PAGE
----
CBS Now Sees Danger in Online Drug Purchases
Last summer, news reports on the CBS âEvening Newsâ with Bob Schieffer downplayed or outright ignored the facts that re-importing prescription drugs is illegal and can be unsafe or unreliable. But now with a new anchor at the helm, the program took a look at the dangers of online pharmacies in light of a federal raid on a fake online pharmacy.
âIt sounds so good, cheap prescription drugs just a click away on the Internet,â said anchor Katie Couric as she introduced the September 20 âEye on Medicineâ report, but, âit could be really dangerous because you may not be getting what you think you are.â
Correspondent Jim Stewart told viewers of a federal bust of â11 people and an Atlanta-based company with a scheme to sell the fake drugs over the Internet.â Stewart noted that the phony drugs were manufactured in âa rented house in Belizeâ and the Web site peddling them told customers it was a Canadian pharmacy selling re-imported drugs.
Following Stewartâs piece, Couric interviewed CBS chief medical correspondent Dr. Jon LaPook, who insisted itâs dangerous to order drugs online because âyou have no idea what youâre actually getting.â LaPook added that âitâs tough enoughâ to get the precise amounts and mix of ingredients âin a legitimate medicine, much less one thatâs made in some basement.â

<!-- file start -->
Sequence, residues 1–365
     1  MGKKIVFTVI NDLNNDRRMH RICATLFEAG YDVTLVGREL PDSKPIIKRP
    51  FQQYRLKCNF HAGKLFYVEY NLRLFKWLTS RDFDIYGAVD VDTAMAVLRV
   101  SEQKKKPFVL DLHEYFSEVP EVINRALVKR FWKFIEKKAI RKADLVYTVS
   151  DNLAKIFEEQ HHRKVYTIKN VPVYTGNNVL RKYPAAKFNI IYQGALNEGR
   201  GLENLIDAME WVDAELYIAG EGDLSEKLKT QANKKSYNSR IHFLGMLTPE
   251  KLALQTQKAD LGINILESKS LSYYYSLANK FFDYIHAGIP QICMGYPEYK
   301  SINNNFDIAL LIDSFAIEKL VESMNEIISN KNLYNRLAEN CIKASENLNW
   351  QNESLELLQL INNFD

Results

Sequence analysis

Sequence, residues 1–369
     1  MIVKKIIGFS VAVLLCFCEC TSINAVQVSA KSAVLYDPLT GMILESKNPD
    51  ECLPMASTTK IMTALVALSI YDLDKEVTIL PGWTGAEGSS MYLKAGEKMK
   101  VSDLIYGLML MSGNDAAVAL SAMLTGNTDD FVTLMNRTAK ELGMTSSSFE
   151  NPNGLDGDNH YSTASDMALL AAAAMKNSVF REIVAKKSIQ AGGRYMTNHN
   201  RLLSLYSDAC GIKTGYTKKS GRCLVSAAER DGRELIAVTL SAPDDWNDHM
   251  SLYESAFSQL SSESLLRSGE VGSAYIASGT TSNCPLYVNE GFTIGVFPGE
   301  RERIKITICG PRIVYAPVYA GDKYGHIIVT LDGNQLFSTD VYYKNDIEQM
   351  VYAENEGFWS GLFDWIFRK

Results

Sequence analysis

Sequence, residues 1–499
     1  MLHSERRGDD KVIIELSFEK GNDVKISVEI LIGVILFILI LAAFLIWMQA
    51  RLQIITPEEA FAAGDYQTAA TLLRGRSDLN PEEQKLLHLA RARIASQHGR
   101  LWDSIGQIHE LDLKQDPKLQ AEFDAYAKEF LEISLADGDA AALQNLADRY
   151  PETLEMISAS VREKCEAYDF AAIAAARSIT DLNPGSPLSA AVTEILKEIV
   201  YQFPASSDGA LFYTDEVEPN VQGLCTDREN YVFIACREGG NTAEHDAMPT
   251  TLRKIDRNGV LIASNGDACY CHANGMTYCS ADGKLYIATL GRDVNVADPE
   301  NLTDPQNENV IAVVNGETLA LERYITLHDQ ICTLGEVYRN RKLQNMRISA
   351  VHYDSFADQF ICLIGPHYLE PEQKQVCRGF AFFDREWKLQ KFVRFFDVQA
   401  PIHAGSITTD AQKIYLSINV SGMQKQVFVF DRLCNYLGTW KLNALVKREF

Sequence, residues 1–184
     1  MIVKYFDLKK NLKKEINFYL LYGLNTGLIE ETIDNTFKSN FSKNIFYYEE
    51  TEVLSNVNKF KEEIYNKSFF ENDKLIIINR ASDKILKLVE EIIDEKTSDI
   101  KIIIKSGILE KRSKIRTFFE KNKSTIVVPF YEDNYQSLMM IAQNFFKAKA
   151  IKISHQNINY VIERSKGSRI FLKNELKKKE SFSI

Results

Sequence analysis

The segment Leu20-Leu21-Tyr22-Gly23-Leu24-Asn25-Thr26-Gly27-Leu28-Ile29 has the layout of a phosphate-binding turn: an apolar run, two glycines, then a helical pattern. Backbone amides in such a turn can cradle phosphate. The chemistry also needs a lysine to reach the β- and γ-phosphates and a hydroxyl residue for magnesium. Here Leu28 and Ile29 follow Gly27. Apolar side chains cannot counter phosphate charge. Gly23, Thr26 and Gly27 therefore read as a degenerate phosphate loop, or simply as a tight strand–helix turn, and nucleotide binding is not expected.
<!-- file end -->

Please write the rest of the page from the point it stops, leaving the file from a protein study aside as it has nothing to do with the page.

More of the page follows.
CBSâs top doc closed the interview urging viewers to check out cbsnews.com for a list of legitimate pharmacy Web sites where they can legally obtain safe prescription drugs. A visit to the CBS Web site urged readers to look for âInternet websites that display the seal of the National Association of Boards of Pharmacies.â
As the Business & Media Institute noted last year, the media have often ignored or downplayed the illegal nature of drug reimportation, a ban implemented in part from safety concerns.
âThe test results of our analyses offer proof positive that buying prescription drugs online from unknown foreign sources can be a risky business âŠ Consumers who believe they are getting equivalent products from reputable sources are being misled and putting their health at risk,â FDA Acting Commissioner Lester Crawford wrote in a July 13, 2004, press release.
Yet on the June 29, 2005, âEvening News,â the network lamented Canadaâs proposed ban on bulk drug exports to the United States. In that story, reporter Mika Brzezinski left out that drug re-importation is illegal. Whatâs more, the CBS correspondent pointed to how states like Illinois are helping people re-import drugs from countries like the United Kingdom, but didnât give viewers any warning about safety issues from Internet sales or tips on where to go to find reliable pharmacy Web sites.